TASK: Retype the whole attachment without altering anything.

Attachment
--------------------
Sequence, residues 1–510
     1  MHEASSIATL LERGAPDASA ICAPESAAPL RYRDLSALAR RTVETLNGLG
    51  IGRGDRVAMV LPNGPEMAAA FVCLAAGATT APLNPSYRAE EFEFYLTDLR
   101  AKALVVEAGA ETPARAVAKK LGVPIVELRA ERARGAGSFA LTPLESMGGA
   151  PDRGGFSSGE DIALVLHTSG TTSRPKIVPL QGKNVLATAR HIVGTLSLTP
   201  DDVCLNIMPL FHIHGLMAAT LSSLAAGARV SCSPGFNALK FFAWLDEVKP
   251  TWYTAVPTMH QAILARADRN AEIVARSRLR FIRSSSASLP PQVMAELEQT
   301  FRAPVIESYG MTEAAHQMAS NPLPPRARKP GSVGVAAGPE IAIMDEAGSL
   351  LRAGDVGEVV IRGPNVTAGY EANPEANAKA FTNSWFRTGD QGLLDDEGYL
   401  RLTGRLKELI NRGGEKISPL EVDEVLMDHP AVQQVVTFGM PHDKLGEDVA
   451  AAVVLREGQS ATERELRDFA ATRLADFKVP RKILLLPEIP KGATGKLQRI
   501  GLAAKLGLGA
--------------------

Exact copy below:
Sequence, residues 1–510
     1  MHEASSIATL LERGAPDASA ICAPESAAPL RYRDLSALAR RTVETLNGLG
    51  IGRGDRVAMV LPNGPEMAAA FVCLAAGATT APLNPSYRAE EFEFYLTDLR
   101  AKALVVEAGA ETPARAVAKK LGVPIVELRA ERARGAGSFA LTPLESMGGA
   151  PDRGGFSSGE DIALVLHTSG TTSRPKIVPL QGKNVLATAR HIVGTLSLTP
   201  DDVCLNIMPL FHIHGLMAAT LSSLAAGARV SCSPGFNALK FFAWLDEVKP
   251  TWYTAVPTMH QAILARADRN AEIVARSRLR FIRSSSASLP PQVMAELEQT
   301  FRAPVIESYG MTEAAHQMAS NPLPPRARKP GSVGVAAGPE IAIMDEAGSL
   351  LRAGDVGEVV IRGPNVTAGY EANPEANAKA FTNSWFRTGD QGLLDDEGYL
   401  RLTGRLKELI NRGGEKISPL EVDEVLMDHP AVQQVVTFGM PHDKLGEDVA
   451  AAVVLREGQS ATERELRDFA ATRLADFKVP RKILLLPEIP KGATGKLQRI
   501  GLAAKLGLGA